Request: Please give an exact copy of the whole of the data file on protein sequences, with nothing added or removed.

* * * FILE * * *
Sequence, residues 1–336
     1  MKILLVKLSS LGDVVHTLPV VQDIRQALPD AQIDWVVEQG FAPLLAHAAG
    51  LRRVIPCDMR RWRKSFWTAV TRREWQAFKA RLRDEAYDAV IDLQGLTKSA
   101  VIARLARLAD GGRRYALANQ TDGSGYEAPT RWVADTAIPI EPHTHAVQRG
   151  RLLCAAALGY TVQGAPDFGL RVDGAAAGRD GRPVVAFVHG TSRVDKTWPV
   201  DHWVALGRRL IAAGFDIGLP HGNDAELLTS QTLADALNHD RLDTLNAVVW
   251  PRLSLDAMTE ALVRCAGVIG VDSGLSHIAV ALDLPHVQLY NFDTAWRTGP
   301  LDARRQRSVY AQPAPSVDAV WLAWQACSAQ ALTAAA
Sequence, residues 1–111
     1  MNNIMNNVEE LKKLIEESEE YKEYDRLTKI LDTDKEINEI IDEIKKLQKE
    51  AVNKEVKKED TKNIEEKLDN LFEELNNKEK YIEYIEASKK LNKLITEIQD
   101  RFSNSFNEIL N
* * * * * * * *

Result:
Sequence, residues 1–336
     1  MKILLVKLSS LGDVVHTLPV VQDIRQALPD AQIDWVVEQG FAPLLAHAAG
    51  LRRVIPCDMR RWRKSFWTAV TRREWQAFKA RLRDEAYDAV IDLQGLTKSA
   101  VIARLARLAD GGRRYALANQ TDGSGYEAPT RWVADTAIPI EPHTHAVQRG
   151  RLLCAAALGY TVQGAPDFGL RVDGAAAGRD GRPVVAFVHG TSRVDKTWPV
   201  DHWVALGRRL IAAGFDIGLP HGNDAELLTS QTLADALNHD RLDTLNAVVW
   251  PRLSLDAMTE ALVRCAGVIG VDSGLSHIAV ALDLPHVQLY NFDTAWRTGP
   301  LDARRQRSVY AQPAPSVDAV WLAWQACSAQ ALTAAA
Sequence, residues 1–111
     1  MNNIMNNVEE LKKLIEESEE YKEYDRLTKI LDTDKEINEI IDEIKKLQKE
    51  AVNKEVKKED TKNIEEKLDN LFEELNNKEK YIEYIEASKK LNKLITEIQD
   101  RFSNSFNEIL N